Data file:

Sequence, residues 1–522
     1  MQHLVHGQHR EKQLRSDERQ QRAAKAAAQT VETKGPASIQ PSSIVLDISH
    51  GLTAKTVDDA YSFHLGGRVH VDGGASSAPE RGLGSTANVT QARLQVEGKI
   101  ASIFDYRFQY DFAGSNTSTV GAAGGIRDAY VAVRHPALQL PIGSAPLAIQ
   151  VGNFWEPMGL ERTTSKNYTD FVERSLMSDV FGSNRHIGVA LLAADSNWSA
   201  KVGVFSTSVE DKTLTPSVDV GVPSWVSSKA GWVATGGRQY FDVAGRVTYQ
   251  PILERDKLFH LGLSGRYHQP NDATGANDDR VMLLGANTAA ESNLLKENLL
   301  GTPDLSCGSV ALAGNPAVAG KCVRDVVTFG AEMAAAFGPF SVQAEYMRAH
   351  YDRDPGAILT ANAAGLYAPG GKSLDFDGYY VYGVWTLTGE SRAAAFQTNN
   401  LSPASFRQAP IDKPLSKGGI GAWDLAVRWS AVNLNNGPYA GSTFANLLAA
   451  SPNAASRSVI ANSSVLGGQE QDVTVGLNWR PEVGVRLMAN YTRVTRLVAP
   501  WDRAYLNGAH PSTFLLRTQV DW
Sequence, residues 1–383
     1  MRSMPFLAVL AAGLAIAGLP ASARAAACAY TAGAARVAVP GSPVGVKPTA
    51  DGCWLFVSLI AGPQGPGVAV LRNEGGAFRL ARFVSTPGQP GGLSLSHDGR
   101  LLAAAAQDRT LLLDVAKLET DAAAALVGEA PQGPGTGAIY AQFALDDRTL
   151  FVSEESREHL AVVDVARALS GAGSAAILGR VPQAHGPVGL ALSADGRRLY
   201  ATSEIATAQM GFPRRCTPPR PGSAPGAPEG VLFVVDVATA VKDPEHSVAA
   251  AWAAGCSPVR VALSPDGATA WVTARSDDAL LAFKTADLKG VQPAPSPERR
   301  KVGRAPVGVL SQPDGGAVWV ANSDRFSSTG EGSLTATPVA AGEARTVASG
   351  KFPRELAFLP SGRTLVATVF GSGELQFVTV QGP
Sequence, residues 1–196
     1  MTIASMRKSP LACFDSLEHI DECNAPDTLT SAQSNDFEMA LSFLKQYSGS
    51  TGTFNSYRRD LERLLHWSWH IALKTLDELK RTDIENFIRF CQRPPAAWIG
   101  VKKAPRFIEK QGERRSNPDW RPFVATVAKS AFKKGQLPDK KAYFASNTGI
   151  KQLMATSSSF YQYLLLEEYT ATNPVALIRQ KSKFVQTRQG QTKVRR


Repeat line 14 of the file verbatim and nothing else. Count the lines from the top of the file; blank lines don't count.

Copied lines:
     1  MRSMPFLAVL AAGLAIAGLP ASARAAACAY TAGAARVAVP GSPVGVKPTA